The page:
When we went through the ordering process for Spectrum and got all the way to the checkout, we realized we never got to choose which DVR we wanted. That was our first tip-off that Spectrum DVR is nothing to write home about.
Turns out you have to specify when ordering that you want a DVR that records HD content. In this day and age, there’s no excuse for a DVR that doesn’t record HD shows. What, are you going to watch a grainy recording of the Super Bowl? We think not.
Spectrum’s DVR service records only up to 21 hours of HD footage and can record only two shows at once. That’s not great. If you love Spectrum, you’d be better off getting a different DVR.
For channel information, equipment selection, and more detailed pricing, check out our full review of Spectrum.
Cox: Best for customization
- Customizable packages
Cox takes a different approach to cable TV packaging with its “Paks” options. The Contour TV package gives you a preselected channel base (and your choice of one premium channel like HBO). You can then add on Paks of additional channel options.
It’s a pseudo-à-la-carte way to choose the channels that matter most to you.
If you’re a TV minimalist looking for just the essentials, the Starter package could be a perfect fit. You’re missing out on sports channels like ESPN, but you get basics like ABC, FOX, and TBS.
We’re still on the fence about this approach. It needs some fine-tuning, in our opinion, but it gives you a little more control over the channels that are included in the price you’re paying.
- Paks that make the price higher than advertised
- High DVR costs
When you start adding Paks (Cox’s word for “add-ons,” at $10–$16 per Pak per month) on top of your base service charge, your monthly price starts to go up pretty quickly.
It’s nice to start so low, but don’t expect to get out at the advertised price.
Also, keep in mind that most Paks are limited to the Contour TV package, so if you’re looking for more options, you’ll be starting at a higher base price.
Cox also charges more for its DVR services than competitors like Xfinity, even though both have similar capabilities. Cox charges $19.99 per month for the Record 6-HD DVR, which can record up to six shows at the same time. That’s double the price of Xfinity’s X1 DVR, which does the same thing.
If you want a more thorough rundown of Cox’s channel selection, equipment offerings, and pricing, read our full Cox review.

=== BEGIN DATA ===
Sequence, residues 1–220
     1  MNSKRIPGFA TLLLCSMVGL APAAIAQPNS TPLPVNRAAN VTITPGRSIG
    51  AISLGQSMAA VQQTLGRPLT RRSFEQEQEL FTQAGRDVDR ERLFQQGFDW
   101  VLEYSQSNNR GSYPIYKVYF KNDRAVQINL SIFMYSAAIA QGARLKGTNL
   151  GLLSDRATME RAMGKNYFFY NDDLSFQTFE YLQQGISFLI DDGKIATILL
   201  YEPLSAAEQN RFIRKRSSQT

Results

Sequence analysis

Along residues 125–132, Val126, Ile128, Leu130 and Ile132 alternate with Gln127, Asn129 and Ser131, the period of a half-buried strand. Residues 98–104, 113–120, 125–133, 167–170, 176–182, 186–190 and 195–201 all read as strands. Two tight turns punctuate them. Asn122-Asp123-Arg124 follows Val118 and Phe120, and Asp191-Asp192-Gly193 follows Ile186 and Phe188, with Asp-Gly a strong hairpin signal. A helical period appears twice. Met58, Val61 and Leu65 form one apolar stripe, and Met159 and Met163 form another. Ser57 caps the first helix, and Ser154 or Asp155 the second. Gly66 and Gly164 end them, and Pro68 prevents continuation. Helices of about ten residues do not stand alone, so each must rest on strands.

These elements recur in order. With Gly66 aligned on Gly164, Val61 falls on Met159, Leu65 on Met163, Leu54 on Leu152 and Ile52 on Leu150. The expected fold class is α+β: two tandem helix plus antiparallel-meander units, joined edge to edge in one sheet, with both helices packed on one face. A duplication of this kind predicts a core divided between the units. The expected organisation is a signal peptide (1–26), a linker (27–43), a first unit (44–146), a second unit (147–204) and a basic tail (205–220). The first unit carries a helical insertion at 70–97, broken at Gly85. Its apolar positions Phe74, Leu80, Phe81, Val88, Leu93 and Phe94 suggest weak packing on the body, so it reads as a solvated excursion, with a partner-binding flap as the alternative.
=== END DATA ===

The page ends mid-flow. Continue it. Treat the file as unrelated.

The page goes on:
Best fiber-optic TV service provider
Verizon Fios TV: Best for customer service
|Plan||Price||TV channel count||Details|
|Custom TV||$64.99/mo.^^||Varies||View Plan|
- Fiber-optic connection
- No-contract options (with Fios Double Play bundle)
- Good customer service
Verizon Fios TV uses a fiber-optic connection, which is actually a faster connection than traditional cable—and it’s great if you’re connecting multiple devices and bundling your TV and internet together.
Like Xfinity, Verizon Fios TV offers no-contract options, though you do need to bundle it with internet. This contributes to the higher pricing (see “The bad” section below), but it’s nice not to be tied down if you need to cancel your service.
Verizon Fios TV also has pretty good customer service compared to other TV providers. We were impressed by how helpful and knowledgeable each representative was when we called Verizon’s customer support line (especially after talking to Xfinity).
- High prices and additional fees*
Like we said, Verizon Fios TV offers contract-free TV, but that also means its monthly prices are some of the highest around. Verizon also has a lot of additional fees (because of course it does—pretty much all TV providers do).
You’ll pay an extra $13, $18, or $26 per month for a Fios DVR depending on which box you choose. We also uncovered a “one-time charge of $179.99 (plus tax)” deep in the fine print3.
Check out more details on what Verizon Fios has to offer.
*All fees are estimates based on information at the time of this writing. Verizon Fios fees can vary based on contract details and promotions.
Best Live TV Streaming Services
If you’re looking to cut the cord or if you’re on the fence between streaming, cable, and satellite, take a look at our top picks for live TV streaming services.
|Provider||Advertised price range*||Channels||Details|
|YouTube TV||$49.99/mo.||70+||View Plans|
|Hulu with Live TV||$44.99/mo.||65+||View Plans|
|Sling TV||$25–$40/mo.||50+||View Plans|
|AT&T TV NOW||$50–$135/mo.||125+||View Plans|
|PlayStation Vue||$44.99–$79.99/mo.||95+||View Plans|
Data effective 11/14/19. Pricing and channel counts are subject to change. Not all offers available in all areas.
Keep in mind these prices don’t include internet service charges (which you’ll need in order to stream), but you can check those out in our best internet for streaming article.
YouTube TV: Best Live TV Streaming
|YouTube TV||$49.99/mo.||70+||View Channels|
- Unlimited cloud DVR
- Tons of channels
Are you the type of person who never watches anything live?